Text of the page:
South Korea’s Parliament on Tuesday passed a bill to prohibit the consumption and sale of dog meat, marking the end of a centuries-old practice. The move reflects a shift in societal attitudes towards animal welfare, with an increasing number of Koreans viewing dogs as family members.
The legislation reads, “This law is aimed at contributing to realizing the values of animal rights, which pursue respect for life and a harmonious co-existence between humans and animals.”
Overwhelming support by the Korean parliament
The bill, proposed by the ruling party, received overwhelming support in the single-chamber parliament, garnering 208 votes with two abstentions after approval by the bipartisan agriculture committee on Monday.
Thanks to the President
President Yoon Suk Yeol, known for his love of animals and having adopted six dogs and eight cats with First Lady Kim Keon Hee, who is also a vocal critic of dog meat consumption, has led to growing support for the ban.
A three-year grace period
The legislation is set to take effect after a three-year grace period, and violations could result in up to three years in prison or fines of 30 million won ($22,800).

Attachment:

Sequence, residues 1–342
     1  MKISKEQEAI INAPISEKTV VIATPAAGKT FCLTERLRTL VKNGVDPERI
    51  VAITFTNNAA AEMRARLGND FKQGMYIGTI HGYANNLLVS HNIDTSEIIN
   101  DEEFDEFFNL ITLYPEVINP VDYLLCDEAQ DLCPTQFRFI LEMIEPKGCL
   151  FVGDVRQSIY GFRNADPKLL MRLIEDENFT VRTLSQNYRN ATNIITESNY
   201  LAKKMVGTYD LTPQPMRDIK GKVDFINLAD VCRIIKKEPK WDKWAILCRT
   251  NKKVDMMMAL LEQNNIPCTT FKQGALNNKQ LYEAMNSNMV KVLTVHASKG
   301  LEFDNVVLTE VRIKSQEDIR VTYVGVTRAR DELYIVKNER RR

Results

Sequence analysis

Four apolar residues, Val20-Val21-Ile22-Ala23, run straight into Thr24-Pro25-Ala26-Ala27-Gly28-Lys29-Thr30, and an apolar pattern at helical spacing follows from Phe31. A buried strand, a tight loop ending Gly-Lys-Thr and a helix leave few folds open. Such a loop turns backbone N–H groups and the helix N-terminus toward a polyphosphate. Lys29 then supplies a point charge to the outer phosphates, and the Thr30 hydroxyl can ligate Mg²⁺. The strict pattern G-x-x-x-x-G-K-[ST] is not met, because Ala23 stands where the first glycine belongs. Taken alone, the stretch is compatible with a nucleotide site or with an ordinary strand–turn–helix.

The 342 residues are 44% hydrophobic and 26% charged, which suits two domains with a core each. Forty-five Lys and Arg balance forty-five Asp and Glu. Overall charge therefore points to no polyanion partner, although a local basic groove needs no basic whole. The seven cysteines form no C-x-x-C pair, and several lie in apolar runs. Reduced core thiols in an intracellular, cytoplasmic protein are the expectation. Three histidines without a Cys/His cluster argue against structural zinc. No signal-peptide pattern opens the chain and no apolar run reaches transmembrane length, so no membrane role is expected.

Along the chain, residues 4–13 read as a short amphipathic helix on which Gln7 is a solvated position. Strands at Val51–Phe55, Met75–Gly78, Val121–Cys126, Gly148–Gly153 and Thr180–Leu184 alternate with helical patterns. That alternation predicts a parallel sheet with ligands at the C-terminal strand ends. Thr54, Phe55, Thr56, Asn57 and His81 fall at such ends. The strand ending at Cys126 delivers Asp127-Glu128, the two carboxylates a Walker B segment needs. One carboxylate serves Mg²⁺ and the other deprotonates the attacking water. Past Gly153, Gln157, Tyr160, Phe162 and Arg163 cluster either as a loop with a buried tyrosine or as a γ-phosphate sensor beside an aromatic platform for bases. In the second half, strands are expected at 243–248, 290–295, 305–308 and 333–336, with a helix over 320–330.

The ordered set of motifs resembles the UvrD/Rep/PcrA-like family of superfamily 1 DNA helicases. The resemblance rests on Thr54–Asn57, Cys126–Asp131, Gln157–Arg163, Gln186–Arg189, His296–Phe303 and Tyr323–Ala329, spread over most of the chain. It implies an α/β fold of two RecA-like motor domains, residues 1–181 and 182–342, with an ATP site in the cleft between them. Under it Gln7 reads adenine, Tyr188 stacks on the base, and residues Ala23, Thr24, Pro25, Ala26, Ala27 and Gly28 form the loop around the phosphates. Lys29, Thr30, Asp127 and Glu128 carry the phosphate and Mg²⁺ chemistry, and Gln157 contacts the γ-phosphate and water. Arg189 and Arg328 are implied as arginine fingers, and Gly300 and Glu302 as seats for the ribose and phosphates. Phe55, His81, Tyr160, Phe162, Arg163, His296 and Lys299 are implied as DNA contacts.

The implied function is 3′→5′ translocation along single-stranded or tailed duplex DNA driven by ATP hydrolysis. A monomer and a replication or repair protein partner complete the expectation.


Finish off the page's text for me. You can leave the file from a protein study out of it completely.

Animal protection group Humane Society International (HSI) Korea’s Borami Seo told Reuters, “The bill would see an end to the breeding and killing of dogs for human consumption. We have reached a pivotal point to spare millions of dogs from this cruel industry.”
According to a survey released on Monday by Seoul-based think tank Animal Welfare Awareness, Research and Education, over 94 per cent of respondents reported abstaining from consuming dog meat in the past year, and approximately 93 per cent expressed their intention to refrain from doing so in the future.
HSI executive director JungAh Chae told AP, “I never thought I would see in my lifetime a ban on the cruel dog meat industry in South Korea, but this historic win for animals is a testament to the passion and determination of our animal protection movement.”
Compensation to transition of businesses
Despite prior unsuccessful attempts to ban dog meat due to opposition from the industry, the current bill aims to offer compensation to facilitate the transition of businesses away from the trade.